in Data, data science

In August of 2019, I was invited by my friend Preston Adie of Africa’s Talking to attended a panel discussion called “AI in Kenya” with 3 other smart practitioners in the Kenyan data science space: Babatunde Ekemode of Africa’s Talking, Skyler Spearman of IBM, and Fiona Rasanga of Griffin Insurance.

The discussion was wide, ranging from what we thought the state of data science in Kenya was to what trends we saw. It was interesting, and I hope some video of the conversation comes out.

Each member of the panel was asked to make a short presentation to seed some of the anticipated conversation. I chose to talk about Design Thinking in Data Science. This is an edited version of what I presented.

Let’s start by looking at fundamentals. From Wikipedia:

Data science is a multi-disciplinary field that uses scientific methods, processes, algorithms and systems to extract knowledge and insights from structured and unstructured data.

Personally, this is how I like to think about data science:

The process of using data to tell stories.

Sidney Ochieng

It’s one of the reasons that I like to call myself a storyteller; I think I can tell a good story.

I’ve noticed that data scientists typically tend towards jumping directly to data and immediately begin modelling to answer the question we’ve been asked. However, I think before gettng to that point, it’s a good idea to engage in some design thinking.

Looking back at the two definitions we have of data science, Wikipedia’s and my own, I think the key elements are extracting knowledge and insights and telling stories. We love to think of modelling (extraction) without contemplating much else. But when we talk about knowledge, insight or storytelling we really need to think about more. 

It’s imperative to think about who we’re presenting the knowledge or insight to. We also need to think about things like where the data lives, who owns it and how it was collected. We need to think of all these things so that we are not only answering the right question, using the right data and thinking about any bias in the data, but also so that the insight we get is presented in a way that it is used in the best way.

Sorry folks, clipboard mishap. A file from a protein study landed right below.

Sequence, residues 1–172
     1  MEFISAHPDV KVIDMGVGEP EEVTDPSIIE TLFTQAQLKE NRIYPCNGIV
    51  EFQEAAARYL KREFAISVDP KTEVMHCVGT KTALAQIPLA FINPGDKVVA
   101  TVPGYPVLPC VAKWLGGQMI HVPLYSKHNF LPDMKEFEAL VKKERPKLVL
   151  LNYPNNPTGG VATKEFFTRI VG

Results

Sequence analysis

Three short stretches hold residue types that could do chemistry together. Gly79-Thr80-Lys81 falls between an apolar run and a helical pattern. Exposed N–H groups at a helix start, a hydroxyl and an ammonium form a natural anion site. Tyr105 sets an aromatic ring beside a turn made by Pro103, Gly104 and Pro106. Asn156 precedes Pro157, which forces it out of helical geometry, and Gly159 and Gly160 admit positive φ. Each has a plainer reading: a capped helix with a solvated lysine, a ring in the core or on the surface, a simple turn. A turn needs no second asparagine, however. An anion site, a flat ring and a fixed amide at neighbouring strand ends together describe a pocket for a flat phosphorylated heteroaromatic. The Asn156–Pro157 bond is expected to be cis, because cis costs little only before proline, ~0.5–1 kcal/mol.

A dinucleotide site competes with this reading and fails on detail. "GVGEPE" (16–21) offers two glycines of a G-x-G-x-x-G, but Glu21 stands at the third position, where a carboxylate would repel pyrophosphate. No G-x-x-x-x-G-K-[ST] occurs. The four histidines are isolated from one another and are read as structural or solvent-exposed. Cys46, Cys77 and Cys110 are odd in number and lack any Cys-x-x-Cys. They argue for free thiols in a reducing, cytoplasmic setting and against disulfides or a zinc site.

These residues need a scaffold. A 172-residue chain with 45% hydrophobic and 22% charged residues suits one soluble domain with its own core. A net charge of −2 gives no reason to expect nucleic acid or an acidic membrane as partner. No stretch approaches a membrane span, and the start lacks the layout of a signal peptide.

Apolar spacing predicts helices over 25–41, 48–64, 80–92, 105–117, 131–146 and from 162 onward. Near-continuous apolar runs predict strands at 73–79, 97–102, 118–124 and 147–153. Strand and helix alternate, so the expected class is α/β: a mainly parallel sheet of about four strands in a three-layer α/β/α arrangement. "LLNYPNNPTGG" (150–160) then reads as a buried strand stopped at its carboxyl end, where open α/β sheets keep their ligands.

Data science as a relatively new field is still coming up with processes and ways to think about the issues I’ve brought up but I think that the language of the design thinking can help us as data scientists here.

So what is design thinking?

Design thinking is a human-centered approach to innovation that draws from the designer’s toolkit to integrate the needs of people, the possibilities of technology, and the requirements for business success.

Tim Brown, CEO of IDEO

Design thinking is an ideology supported by an accompanying process. A complete definition requires an understanding of both.

The design thinking ideology asserts that a hands-on, user-centric approach to problem solving can lead to innovation, and innovation can lead to differentiation and a competitive advantage. This hands-on, user-centric approach is defined by the design thinking process and comprises 6 distinct phases, as illustrated below.

If you look at the image above you can see that the design thinking process consists of 6 stages that fall under the broad categories of: understand, explore and materialise. These categories work well for data science as well.

Of this entire process I think the most important part is the part of understanding because without adequate understanding we end up answering the wrong question and after that it won’t matter what model you use.

Under understanding, we have empathise and define. Here you talk not only to the person asking you the question, finding out exactly why they’re asking the question, how they hope to use the knowledge you generate, but also talk to other stakeholders such as the person in charge of the dataset you plan to use. This whole process ensures that not only are you answering the right question but you’re prepared to answer it in the best way for your audience.

The explore phase is the part of data science that most of us think of when we think “data science”. We do exploratory data analysis (EDA), we come up with the: charts, graphs and models to answer the questions we found in the understand phase.

Finally we have the materialise phase. Here we have our results and we present them to our stakeholders. We could have one answer here. For instance, we need to spend more on Instagram ads, but we also have to present evidence to support our answer here. This is the part that the understand phase comes back to help. Because when you understand the needs of your stakeholders, you’re prepared to make the most persuasive arguments.

From the diagram, and from personal experience, you can see that each of these phases can feed into others, but I think it’s important to codify them like this to ensure that we don’t skip any part and are thoughtful about each stage and everything that goes into them. It’s particularly important so that we’re delivering value with our solutions.

If this talk came off as vague, it’s because I’m still thinking about this and clarifying my own thoughts on this. I was heavily inspired by the work of Hillary Parker, a data scientist at Stitchfix, and Roger Peng, a Professor in the Department of Biostatistics at John Hopkins Bloomberg School of Public Health, and their podcast Not So Standard Deviations.

I’ll work to expound on what needs to happen at each step so that it’s clear whether you’re doing enough at each step because even for me I’m likely to skip stages. This will be a continual process. Peace!!